As food movements are slowly beginning to emerge, evolve, and expand to all areas of the world, people are gradually trying to bring back elements of their life to a local stage. Documentaries have begun to open people’s eyes to the world of agricultural production and consumption. Images of animals in factory farms, and genetically-modified, pesticide-filled fruits and vegetables fill an hour-and-a-half documentary, leaving viewers with a sense of anger and guilt for being a part of that system of production. Viewers also witness instances of the disturbing, unethical treatment of animals, in addition to learning of the potentially harmful side effects of eating things that are not naturally produced. Understandably, the thought-provoking images and unsettling information shown have begun to upset many people.
Consumers want to ensure the health of their children, and that they themselves will live long and healthy lives. This notion has sprung into a new movement known as being a locavore: someone who desires to consume local food. It is a movement where consumers become more interested in eating food that is produced locally, typically within a 100-mile radius from their home. One essential aim of this movement is the desire to create a more sustainable food system, and to break the dependence on mass-produced food imports. As such, purchasers strive to be more eco-conscious and take care of where their home is, while supporting those around them.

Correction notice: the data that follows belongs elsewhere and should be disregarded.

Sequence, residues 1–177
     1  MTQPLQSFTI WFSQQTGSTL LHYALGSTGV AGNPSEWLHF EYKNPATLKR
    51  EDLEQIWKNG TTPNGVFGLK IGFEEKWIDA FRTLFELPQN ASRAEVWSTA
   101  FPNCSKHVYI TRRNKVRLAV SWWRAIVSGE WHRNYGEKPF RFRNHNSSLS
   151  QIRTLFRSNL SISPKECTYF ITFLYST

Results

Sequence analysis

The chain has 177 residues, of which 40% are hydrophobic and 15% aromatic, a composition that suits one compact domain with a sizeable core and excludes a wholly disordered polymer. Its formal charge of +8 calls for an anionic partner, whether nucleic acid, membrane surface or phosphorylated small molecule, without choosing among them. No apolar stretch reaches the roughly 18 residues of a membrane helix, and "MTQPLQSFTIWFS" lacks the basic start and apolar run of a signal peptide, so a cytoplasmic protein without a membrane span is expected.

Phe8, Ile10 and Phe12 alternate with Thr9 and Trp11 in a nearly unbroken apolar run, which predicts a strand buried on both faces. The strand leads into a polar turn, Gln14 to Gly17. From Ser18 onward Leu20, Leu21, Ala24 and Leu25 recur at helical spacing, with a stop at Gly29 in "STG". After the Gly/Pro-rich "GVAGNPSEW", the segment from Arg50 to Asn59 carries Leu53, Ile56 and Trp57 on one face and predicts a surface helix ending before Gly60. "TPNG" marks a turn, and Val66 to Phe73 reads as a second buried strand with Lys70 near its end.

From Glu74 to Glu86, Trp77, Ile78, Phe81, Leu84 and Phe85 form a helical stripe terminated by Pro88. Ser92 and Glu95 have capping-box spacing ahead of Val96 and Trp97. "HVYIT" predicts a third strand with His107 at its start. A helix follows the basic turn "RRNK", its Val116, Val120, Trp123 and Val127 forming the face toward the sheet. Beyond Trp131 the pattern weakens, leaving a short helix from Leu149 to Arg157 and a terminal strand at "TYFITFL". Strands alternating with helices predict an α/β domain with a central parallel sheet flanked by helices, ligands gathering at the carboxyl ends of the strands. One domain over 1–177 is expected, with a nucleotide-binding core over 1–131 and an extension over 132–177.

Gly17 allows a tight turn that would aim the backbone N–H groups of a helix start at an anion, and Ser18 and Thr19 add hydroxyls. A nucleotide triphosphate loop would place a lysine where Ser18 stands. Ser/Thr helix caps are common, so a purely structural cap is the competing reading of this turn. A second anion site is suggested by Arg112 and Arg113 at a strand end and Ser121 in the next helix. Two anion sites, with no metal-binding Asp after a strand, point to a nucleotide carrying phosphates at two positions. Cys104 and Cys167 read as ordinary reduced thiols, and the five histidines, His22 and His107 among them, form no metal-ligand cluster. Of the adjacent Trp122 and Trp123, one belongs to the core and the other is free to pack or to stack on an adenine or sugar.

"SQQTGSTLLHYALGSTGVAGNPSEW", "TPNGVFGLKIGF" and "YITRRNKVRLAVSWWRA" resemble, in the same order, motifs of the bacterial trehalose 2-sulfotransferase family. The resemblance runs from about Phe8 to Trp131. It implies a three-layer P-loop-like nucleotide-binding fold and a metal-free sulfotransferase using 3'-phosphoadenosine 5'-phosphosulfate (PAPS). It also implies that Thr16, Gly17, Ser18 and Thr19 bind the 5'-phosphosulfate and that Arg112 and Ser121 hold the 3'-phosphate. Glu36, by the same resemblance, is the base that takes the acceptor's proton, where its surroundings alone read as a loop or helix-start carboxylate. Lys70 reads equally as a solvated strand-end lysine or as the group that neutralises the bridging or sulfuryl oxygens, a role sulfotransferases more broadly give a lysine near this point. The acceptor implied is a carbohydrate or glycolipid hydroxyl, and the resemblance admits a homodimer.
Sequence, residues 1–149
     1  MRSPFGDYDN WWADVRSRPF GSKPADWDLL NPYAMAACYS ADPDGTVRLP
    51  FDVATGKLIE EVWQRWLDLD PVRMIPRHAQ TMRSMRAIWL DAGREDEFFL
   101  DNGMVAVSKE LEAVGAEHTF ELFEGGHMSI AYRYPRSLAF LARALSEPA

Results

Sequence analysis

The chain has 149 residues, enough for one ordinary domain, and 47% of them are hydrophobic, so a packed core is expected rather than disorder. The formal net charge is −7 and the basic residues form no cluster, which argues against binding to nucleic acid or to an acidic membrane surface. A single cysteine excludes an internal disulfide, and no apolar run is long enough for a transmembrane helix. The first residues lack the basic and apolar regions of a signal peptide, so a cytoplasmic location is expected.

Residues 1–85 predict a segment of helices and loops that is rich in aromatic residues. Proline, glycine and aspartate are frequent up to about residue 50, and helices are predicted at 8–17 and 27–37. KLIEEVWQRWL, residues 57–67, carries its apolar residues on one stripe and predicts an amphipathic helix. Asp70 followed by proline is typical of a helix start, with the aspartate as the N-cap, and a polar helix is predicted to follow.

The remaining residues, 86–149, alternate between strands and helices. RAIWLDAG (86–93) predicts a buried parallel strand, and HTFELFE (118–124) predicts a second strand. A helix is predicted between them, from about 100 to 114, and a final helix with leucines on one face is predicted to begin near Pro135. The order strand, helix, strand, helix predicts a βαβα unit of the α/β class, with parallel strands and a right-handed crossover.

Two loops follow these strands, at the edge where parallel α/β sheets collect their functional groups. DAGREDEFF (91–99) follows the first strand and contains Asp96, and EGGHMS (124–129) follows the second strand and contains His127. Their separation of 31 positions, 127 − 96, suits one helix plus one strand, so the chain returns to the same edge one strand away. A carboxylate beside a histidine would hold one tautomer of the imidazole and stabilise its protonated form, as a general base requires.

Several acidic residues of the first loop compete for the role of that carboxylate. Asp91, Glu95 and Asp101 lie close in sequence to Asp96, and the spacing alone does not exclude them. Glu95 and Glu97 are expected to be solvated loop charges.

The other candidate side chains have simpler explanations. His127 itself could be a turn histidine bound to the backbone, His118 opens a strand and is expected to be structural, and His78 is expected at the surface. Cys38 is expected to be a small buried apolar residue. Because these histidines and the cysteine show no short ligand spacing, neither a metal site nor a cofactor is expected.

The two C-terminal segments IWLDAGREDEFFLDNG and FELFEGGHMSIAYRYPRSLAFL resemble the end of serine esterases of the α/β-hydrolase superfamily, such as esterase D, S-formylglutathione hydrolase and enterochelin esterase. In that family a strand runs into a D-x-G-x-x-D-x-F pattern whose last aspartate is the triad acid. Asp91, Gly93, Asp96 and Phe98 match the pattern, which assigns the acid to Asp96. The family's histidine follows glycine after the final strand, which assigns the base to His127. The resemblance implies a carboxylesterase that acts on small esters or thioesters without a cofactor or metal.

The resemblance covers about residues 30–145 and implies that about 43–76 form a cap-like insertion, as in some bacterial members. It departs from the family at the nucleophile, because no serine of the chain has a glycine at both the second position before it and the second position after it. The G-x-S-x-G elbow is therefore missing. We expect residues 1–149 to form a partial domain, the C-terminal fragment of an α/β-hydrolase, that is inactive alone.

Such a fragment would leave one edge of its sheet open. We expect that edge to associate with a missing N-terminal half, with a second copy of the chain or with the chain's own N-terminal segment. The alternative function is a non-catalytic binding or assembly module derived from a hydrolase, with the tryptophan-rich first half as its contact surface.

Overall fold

The locavore movement has generated a key opportunity for local producers, as a new market has opened up for their products. For instance, in Ottawa a Locavore Artisan Food Fair takes place a couple times a year, where local produce, sweets, and products are available for purchase in one convenient location. In other areas of the city, such as on Parkdale Avenue, at Brewer Park and in the Byward Market, there are farmers’ markets that are open in the summer seasons. But when it gets too chilly, consumers can find solace in knowing that there is a winter solution for their locavore cravings at the Lansdowne Park Farmers’ Market every Sunday. Vendors have everything from local seasonal produce, to jams and jellies, all the way to locally-made kitchen aids.
Being a locavore is a growing, new trend where people can take charge of their food consumption and make a difference–even in their own backyards! City dwellers may lack the space to grow their own food, but they can still eat locally, and have fresh fruits and vegetables year round. You can benefit from eating seasonally, and enjoy lettuce that could have been picked an hour before you bought it at a market! And nothing tastes better than fresh produce. Being a locavore is a trend that helps support the local community and encourage sustainability, and it is an opportunity to consume food that may be organic. Food revolutions are catching people’s attention, whether from reading an article in the paper or seeing a documentary on Netflix. The locavore movement is a great way to take part in something local that carries the good vibes that people want in their lives. It’s a food movement based on good, and let’s admit it, who doesn’t like a good snack?